Thursday, November 20, 2014

The Murder of Adam and Eve by William Dietrich

 Time Travel

From Goodreads:  

In this fast-paced and though-provoking thriller, two teens time-travel to prehistoric Africa to judge whether to save our ancestors: the genetic "Adam" and "Eve" whose descendants will go on to populate the world. When 16-year-old Nick Brynner explores an old fort on a forbidden island for a school history project, he stumbles onto a time wormhole. What follows is a mysteriously deserted village with a prowling sentry that looks like a gargoyle, and narrow escape with the help of fellow teen Eleanor Terrell. The two are hurtled into a grim series of challenges by an alien race called the Xu, which are considering a Reset of human history because of our poor planetary stewardship. If Adam and Eve are murdered, will another couple, or another species, do better? Nick and Ellie are ruthlessly deposited onto the African savanna of fifty thousand years ago, and the hunt is on. The Murder of Adam and Eve is a coming of age story, a love story, a war story, and an environmental fable with a deliberately provocative ending, inspired by such books as "Walkabout," "Ishmael," "Lord of the Flies," and the author's own "Getting Back."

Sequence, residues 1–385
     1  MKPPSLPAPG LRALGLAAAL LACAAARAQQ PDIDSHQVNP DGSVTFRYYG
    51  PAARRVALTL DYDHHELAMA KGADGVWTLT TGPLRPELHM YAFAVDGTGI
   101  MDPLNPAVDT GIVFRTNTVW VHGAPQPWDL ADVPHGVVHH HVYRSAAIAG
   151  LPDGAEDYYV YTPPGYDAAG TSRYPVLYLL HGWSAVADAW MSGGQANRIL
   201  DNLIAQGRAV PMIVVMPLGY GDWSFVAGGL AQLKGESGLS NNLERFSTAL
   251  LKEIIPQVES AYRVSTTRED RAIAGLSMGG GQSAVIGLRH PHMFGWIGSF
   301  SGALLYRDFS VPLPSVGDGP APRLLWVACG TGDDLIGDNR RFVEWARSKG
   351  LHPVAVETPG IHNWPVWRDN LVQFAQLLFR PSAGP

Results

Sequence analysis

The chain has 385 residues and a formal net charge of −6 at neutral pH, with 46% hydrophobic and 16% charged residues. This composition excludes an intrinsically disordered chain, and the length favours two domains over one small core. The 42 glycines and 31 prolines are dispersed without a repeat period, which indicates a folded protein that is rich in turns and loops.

The Murder of Adam and Eve is fast-paced and thought-provoking as the blurb states.  While I was reading The Murder of Adam and Eve I was just enjoying the story. Watching Nick  and Eleanor learn how to live and survive in prehistoric Africa kept my reading to see what would happen next.  The thought-provoking came after I had finished the book and moved on.  Dietrich very cleverly worked a lot about humans and how they have treated the planet into a well-constructed and entertaining story.

It was after I finished that I realized that the story was causing me to think.  Were we better off as we are today or would we be better off still being hunter/gatherers.  What kind of trade offs have we made and do we need to change how we live today.  Just a spoiler – that is what Nick had to decide as he thought about everything we have accomplished versus changing the past to change humans.

The Murder of Adam and Eve is a Young Adult book but don’t let that stop you from picking it up.  If you are part of a book club this would be a very good choice to generate a lot of discussion.

Burrows published The Murder ofAdam and Eve by William Dietrich in 2014.


I received an ARC of The Murder of Adam and Eve from Netgally in return for an honest review.

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